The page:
Action may be unlawful

Under an article headed '˜County answers the calls to make pavements safer' (Berwick Advertiser, January 12), the newspaper's readership was told that '˜new rules are set to make pavements in Northumberland safer and easier to negotiate for pedestrians'.

Sunday, 29th January 2017, 8:00 am

So, what is the current legal minimum width of a pavement?

The simple answer is that there is no current legal minimum width. There is a recommended minimum width, which HM Government would like local authorities to adhere to, but it is not legally enforceable.

Why not? Well, with exceptions, a local authority does not own the land beneath the pavement, nor the airspace above it. They are owned by the owner of the freehold adjacent to the pavement.

All that the local authority owns is the pavement itself and the footings beneath the payment of a depth sufficient to support the payment.

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So, in effect, the owner of the pavement has no control whatsoever over the pavement in law, whether he be a freeholder or a leaseholder. It is the owner of the adjoining land, not the council, who owns the pavement.

The article states that the council will issue guidance that ‘includes the process that the council will follow where objects need to be removed (from pavements)’.

Perhaps Coun Swithenbank, Northumberland County Council’s cabinet member for local services, is of the opinion (a) that ‘guidance’ is another word for ‘law’, and (b) that ‘guidance’ must be complied with as if it is law?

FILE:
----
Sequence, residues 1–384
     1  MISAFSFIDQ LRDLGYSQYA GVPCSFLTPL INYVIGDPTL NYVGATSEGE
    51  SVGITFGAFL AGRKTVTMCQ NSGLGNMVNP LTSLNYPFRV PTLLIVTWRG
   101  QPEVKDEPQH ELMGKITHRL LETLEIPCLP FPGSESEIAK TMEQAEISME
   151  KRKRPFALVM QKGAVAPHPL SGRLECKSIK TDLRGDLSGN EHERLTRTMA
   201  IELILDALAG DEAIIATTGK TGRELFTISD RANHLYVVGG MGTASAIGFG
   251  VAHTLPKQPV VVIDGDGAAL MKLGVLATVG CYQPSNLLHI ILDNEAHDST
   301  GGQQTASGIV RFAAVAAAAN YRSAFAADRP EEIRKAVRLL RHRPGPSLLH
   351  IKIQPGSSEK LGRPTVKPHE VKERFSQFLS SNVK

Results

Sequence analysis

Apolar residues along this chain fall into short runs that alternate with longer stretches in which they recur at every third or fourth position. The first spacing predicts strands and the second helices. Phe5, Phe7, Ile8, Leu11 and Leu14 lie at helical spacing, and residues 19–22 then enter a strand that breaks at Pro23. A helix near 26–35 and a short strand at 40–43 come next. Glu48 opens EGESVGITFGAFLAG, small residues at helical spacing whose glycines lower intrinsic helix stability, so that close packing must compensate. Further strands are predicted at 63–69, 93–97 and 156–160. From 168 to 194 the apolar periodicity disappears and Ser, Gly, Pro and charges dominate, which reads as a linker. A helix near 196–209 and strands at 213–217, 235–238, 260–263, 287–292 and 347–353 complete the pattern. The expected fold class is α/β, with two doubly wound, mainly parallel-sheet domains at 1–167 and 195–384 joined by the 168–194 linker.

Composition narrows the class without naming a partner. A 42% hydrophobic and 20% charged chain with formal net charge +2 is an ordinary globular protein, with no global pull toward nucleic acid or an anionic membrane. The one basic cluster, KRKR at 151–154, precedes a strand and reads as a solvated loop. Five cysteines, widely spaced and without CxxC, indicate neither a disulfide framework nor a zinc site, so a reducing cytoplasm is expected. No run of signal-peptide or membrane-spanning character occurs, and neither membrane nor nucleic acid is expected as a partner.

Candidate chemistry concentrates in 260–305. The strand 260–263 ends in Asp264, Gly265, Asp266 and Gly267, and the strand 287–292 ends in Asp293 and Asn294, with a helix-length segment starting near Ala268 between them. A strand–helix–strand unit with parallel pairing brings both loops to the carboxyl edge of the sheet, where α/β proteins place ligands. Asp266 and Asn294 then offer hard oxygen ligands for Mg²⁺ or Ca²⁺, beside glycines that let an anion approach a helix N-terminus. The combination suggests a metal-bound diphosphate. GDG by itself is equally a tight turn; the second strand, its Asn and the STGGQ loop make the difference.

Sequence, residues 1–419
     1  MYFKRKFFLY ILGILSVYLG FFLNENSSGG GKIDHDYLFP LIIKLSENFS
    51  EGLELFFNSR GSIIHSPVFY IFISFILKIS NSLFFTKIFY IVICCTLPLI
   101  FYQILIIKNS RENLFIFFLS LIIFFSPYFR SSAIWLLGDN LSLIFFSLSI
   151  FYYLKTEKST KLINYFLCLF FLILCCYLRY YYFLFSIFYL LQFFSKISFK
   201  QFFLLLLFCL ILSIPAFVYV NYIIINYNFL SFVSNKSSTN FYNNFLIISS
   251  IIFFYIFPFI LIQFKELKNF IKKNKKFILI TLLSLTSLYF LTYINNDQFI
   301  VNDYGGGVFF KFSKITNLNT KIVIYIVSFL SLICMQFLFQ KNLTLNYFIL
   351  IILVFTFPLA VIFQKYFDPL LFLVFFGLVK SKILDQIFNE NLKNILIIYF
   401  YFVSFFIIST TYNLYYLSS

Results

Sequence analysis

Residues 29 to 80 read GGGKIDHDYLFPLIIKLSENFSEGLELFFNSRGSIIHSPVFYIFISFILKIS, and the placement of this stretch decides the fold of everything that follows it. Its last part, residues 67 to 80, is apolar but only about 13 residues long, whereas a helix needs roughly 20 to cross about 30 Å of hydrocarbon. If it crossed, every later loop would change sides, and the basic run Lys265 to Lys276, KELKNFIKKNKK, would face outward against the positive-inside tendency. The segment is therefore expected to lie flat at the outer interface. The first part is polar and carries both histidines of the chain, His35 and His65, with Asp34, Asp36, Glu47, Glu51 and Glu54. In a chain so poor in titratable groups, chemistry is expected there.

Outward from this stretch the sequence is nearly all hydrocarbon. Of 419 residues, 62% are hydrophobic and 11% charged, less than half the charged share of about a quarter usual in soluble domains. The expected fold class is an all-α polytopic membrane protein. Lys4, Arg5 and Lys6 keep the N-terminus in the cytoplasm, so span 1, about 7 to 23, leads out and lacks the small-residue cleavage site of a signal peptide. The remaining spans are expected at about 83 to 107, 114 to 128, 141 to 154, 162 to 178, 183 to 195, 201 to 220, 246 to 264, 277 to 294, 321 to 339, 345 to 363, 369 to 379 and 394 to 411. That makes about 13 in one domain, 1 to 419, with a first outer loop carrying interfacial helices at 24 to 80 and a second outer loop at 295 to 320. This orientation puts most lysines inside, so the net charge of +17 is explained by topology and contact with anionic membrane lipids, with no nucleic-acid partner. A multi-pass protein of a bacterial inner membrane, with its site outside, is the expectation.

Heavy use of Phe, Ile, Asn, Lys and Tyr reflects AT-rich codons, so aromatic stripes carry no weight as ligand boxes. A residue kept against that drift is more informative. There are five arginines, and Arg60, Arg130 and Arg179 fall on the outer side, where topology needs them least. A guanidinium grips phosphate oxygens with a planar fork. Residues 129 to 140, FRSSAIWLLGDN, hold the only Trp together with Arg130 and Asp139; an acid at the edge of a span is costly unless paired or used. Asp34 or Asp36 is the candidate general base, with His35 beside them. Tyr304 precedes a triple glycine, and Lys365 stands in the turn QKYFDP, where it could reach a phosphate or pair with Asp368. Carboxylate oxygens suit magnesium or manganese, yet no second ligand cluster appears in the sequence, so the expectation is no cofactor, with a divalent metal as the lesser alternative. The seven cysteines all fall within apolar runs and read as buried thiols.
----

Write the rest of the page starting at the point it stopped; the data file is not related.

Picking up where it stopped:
Well, ‘guidance’ is not ‘law’ and thus if a council employee ‘orders’ a shopkeeper, who is the tenant of a shop adjacent to the pavement, to remove his A-board off a payment, that ‘order’ can be ignored.

But also, given that the council has no interest in the pavement, other than to ensure that people are not stopped from passing over it, the owner of the pavement – not the council, but the owner of the adjacent freehold – can raise a court action against the council for interfering with the owner’s rights of ownership.

Indeed, in the absence of advance permission from the owner of the pavement, a council erecting a sign, such as ‘No A-boards allowed on this pavement’, without a prior permission from the owner of the airspace above the payment could be deemed to be a trespasser and thus liable to pay damages to the adjoining freeholder, and/or rent to the freeholder.

As one who has to use a walking-stick, I appreciate what Coun Swithenbank and others are trying to do, but ‘trying to keep the local economy vibrant in Northumberland’ in this way is unacceptable.

I also take issue with the misuse by the county council of the word ‘guideline’.

Perhaps Northumberland County Council should research the subject with the Land Registry.

E Sutherland-Loveday

Loveday’s

Berwick-upon-Tweed